Lithium concentrations have shown to stimulate INF-γ production in RVFV-infected cells compared to the RVFV-infected control cells not exposed to lithium (Fig. 1a). The increase in INF-γ production also increased proportionally with an increase in incubation time, however, uninfected lithium treated cells did not stimulate INF-γ production. INF-γ production in RVFV-infected cells treated with lithium was even higher than LPS stimulated cells albeit reaching comparable levels at 24 h post inoculation (pi). Lithium at 1.25 mM induce the highest amount of INF-γ production compared to other concentrations in all the time points. Another prominent inflammatory cytokine, IL-6, was shown to be produced after 12 h pi (Fig. 1b). After 12 h (pi), 0.625 mM lithium produced IL-6 almost 3 fold compared to RVFV-infected cells compared to untreated RVFV-infected cells and 1.5 fold compared to LPS stimulated cells. The chemokine (RANTES/CCL-5) showed similar increment profiles to those observed in IL-6. Lithium induced CCL-5 production 12 h pi, the low concentrations of lithium stimulated more of CCL-5 (Fig. 1d).

Fig. 1
figure1

Determination of the effects lithium on TNF-α production after inoculation with the RVFV. In order to measure effects of lithium in TNF-α, IL-6, IL-10, IFN-γ and RANTES production, Raw 264.7 cells were seeded at the 2.4 × 106 cells per T 25 flask for 3 h inoculated with 1 × 104.8 viral titre/mL for an hour. The excess virus was washed and the cells were treated with various concentration of lithium and then the supernatant was collected in 3, 6, 12 and 24 h time intervals. The Sandwich Elisa (PeproTech, USA) was executed to measure the amount of these cytokines from various time points. The data points represent the mean + standard deviation (error bar). The plot was developed with Graph-Pad Prism-6 software and GraphPad InStat-3 was used to establish the statistical analysis

Furthermore, lithium concentrations were shown to increase the production of the TNF-α compared to that of RVFV-infected control cells as from 6 h pi (Fig. 1e). The increase in TNF-α production was also shown to be time-dependent. The level of TNF-α after treatment with lithium was shown to be above that of 5 mg/mL LPS positive control. Lithium was shown to stimulate IL-10 (anti-inflammatory cytokine) production in both RVFV-infected and uninfected cells (Fig. 1c), from 3 h pi, the production of IL-10 increased with incubation time. The IL-10 was production more by 1.25 mM LiCl compared to other concentrations and control RVFV showed improvement as from 6 h pi and reached production peak after 24 h pi (Fig. 1c).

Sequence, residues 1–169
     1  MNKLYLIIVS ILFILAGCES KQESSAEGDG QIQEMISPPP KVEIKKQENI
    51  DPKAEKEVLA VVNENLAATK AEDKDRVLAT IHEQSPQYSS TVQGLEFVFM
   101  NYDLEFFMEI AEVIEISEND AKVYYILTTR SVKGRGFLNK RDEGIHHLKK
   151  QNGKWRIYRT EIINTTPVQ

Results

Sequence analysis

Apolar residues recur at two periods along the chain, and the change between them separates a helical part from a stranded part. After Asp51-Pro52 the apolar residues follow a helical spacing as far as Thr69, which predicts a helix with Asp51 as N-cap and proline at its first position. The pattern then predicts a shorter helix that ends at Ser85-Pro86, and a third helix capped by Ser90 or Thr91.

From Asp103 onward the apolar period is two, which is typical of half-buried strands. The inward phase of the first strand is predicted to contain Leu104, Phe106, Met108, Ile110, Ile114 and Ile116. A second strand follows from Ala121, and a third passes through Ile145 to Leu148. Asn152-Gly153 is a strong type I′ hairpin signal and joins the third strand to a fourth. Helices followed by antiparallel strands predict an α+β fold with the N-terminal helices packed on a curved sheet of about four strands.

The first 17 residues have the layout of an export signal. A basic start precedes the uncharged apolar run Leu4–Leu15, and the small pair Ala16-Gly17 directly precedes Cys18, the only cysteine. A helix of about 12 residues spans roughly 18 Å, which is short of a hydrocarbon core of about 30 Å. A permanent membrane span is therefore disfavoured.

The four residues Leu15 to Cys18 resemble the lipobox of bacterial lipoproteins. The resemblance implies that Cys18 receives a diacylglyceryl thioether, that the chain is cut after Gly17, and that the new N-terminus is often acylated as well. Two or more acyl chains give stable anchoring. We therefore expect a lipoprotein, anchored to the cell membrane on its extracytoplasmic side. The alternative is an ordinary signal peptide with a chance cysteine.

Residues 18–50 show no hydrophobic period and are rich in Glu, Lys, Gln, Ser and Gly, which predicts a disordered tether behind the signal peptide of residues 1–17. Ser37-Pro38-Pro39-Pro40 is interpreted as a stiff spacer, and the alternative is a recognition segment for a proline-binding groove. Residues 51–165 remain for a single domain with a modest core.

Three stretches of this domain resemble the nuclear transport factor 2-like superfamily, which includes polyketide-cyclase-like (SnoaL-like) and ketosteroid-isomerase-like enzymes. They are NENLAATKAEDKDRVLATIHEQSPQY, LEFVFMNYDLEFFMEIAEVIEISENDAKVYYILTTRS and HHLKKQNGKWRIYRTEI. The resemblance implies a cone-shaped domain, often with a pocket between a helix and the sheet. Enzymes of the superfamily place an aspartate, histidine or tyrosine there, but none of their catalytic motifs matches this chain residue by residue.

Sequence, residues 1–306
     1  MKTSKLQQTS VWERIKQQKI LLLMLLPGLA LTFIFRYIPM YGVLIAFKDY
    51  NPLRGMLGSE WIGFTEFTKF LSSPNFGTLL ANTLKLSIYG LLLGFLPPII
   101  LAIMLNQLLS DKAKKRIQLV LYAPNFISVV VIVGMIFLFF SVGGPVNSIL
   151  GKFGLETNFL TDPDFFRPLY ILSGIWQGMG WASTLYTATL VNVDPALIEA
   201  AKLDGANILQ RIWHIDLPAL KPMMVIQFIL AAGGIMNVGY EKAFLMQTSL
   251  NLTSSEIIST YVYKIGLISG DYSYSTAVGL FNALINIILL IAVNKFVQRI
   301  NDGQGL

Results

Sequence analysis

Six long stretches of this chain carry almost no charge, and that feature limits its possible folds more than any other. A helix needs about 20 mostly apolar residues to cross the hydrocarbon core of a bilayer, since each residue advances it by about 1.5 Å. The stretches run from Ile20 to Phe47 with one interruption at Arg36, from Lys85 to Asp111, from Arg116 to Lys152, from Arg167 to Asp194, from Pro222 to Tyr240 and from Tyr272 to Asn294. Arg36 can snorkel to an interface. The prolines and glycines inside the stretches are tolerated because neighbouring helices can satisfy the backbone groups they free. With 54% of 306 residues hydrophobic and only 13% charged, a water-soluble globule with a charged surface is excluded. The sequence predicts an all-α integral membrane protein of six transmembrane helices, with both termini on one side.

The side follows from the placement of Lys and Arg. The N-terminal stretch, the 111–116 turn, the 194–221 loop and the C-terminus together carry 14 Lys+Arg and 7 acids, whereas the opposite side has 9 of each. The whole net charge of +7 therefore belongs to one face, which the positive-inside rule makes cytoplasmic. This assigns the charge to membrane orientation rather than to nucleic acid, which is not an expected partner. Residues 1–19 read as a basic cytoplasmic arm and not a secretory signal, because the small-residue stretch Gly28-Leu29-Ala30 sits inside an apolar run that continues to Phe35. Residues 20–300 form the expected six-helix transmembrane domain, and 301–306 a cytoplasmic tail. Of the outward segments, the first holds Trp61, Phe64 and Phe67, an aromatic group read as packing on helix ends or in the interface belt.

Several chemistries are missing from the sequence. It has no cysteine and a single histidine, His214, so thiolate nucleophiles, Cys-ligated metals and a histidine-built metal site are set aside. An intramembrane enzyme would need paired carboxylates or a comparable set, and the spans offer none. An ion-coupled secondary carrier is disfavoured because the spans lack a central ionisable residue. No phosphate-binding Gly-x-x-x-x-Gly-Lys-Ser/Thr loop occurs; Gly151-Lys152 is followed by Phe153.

Effects of lithium on the production of reactive oxygen and nitrogen species after RVFV inoculation

Reactive oxygen species (ROS) are generated as metabolic by-products during mitochondrial respiratory chain and excessively produced during inflammation [22]. In this study, the fluorescent probes such as 2ʹ,7ʹ–dichlorofluorescein diacetate (H2DCF-DA) and 4,5-diamino-fluorescein diacetate (DAF-2 DA) were used to determine the level of ROS and RNS production in virally infected cells. Figures 2a and 3a represent qualitative levels of ROS and RNS production in Raw 264.7 cells after treatment with lithium and infection with RVFV. Lithium concentrations are shown to downregulate the production of reactive molecules as the green fluorescence intensity is reduced in lithium treated cells. Quantitative measurement of fluorescence intensity (Figs. 2b, 3b) show that lithium lowered the production of ROS in a concentration-dependent manner. Highest inhibition of RNS production was observed in cells treated with lithium at 2.5 mM. These findings also showed that the production of ROS/RNS molecules only reached their highest levels at 24 hpi. Moreover, lithium concentrations are shown to upregulate antioxidant enzyme Heme oxygenase-1 (HO-1) (Fig. 2c). Lithium is shown to induce HO-1 expression in a concentration dependent manner.

Fig. 2
figure2